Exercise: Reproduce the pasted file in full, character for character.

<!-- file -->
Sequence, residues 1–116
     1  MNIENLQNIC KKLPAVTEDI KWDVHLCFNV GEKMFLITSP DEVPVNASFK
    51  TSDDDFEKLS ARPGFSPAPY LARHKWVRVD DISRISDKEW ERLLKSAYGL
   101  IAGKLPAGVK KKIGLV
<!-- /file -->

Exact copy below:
Sequence, residues 1–116
     1  MNIENLQNIC KKLPAVTEDI KWDVHLCFNV GEKMFLITSP DEVPVNASFK
    51  TSDDDFEKLS ARPGFSPAPY LARHKWVRVD DISRISDKEW ERLLKSAYGL
   101  IAGKLPAGVK KKIGLV